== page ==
The Oregon Department of Agriculture (ODA) faces a backlog of state-level inspections as its workforce has had high employee turnover. The Oregon Audits Division looked into the Department of Agriculture in November of last year and found that almost a fourth, or 2,800 food establishments were overdue for an inspection by at least 3 months. The food safety director at the ODA was not surprised at the findings as they have been having trouble keeping up with all the establishments they are responsible for. This includes but is not limited to shellfish and seafood purveyors, grocery stores, dairy processors, and domestic kitchens. This however does not include restaurants as they are covered under county-level health departments. All other food production, storage, and handling is under ODA jurisdiction.
The Food and Drug Administration contracts out inspections done on their behalf to state organizations but Oregon cannot keep up with a shortage of staff. For $700,000 a year, the FDA pays Oregon’s Department of Agriculture to conduct 500 inspections but Oregon is looking to cut that number down by 100. That number of inspections equates to about 700 working hours a year for state inspectors to focus on their own less-extensive inspections relative to federally requested ones. A new proposal will be set forth for the ODA which allows for a backlog to be acceptable at the end of a calendar year as long as it is an acceptable number. It will also include systems to track, analyze, and optimize inspectors’ time in order to reduce the backlog of inspections and a more open culture for existing employees to announce their departure ahead of time whether it be for retirement or other reasons. It is vital for operations to continue that the Oregon Department of Agriculture has enough time to train replacements for their inspectors. The food safety director has stated that Oregonians should rest assured that their health and safety is still top priority and there should be no concern over the overall cleanliness of Oregon food establishments. The ODA is trying to be proactive and realistic about their goals and functionality which is why they are putting this new proposal forward.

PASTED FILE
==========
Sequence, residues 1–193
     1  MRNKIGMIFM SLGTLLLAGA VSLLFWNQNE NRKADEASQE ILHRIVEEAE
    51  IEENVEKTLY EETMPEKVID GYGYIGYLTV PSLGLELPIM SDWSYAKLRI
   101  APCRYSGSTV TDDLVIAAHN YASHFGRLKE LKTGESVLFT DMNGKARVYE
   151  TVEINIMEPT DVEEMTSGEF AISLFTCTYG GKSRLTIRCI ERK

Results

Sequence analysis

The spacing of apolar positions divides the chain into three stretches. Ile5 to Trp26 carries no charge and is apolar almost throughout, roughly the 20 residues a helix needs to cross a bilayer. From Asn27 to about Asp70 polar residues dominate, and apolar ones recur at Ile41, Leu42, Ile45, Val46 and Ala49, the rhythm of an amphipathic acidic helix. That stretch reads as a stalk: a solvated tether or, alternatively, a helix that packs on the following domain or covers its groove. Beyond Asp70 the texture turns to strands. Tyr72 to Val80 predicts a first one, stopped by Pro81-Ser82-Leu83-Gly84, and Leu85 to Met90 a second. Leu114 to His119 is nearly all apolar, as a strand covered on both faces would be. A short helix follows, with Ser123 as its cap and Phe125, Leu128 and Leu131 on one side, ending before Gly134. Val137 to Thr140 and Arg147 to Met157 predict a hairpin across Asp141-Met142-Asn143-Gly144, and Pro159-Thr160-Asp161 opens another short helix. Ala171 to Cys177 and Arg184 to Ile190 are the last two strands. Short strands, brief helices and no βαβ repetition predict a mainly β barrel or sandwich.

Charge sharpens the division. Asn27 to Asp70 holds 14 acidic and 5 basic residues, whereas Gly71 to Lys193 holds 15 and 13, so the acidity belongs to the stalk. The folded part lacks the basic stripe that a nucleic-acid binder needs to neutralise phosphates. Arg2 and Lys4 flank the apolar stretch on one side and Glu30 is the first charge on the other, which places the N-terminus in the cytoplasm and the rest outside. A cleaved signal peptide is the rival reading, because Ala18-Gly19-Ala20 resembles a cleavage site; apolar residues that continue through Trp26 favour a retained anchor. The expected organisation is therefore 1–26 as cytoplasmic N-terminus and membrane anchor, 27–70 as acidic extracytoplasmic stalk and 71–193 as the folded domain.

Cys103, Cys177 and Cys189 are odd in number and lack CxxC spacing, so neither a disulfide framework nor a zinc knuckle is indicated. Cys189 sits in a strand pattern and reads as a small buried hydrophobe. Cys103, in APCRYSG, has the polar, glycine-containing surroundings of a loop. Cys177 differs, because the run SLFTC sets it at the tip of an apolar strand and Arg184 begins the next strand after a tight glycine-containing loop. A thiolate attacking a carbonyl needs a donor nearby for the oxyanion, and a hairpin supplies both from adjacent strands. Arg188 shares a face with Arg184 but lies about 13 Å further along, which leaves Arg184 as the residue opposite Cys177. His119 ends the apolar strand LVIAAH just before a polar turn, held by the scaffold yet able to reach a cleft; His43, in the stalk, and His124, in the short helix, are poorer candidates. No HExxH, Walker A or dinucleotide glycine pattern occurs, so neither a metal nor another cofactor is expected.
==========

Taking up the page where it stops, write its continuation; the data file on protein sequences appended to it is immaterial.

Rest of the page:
For more information on Oregon’s food code and other food safety information, please visit our Oregon Food Handlers Requirements page.
If you would like to learn more about causes of foodborne illness outbreaks, please visit our Foodborne Illness page.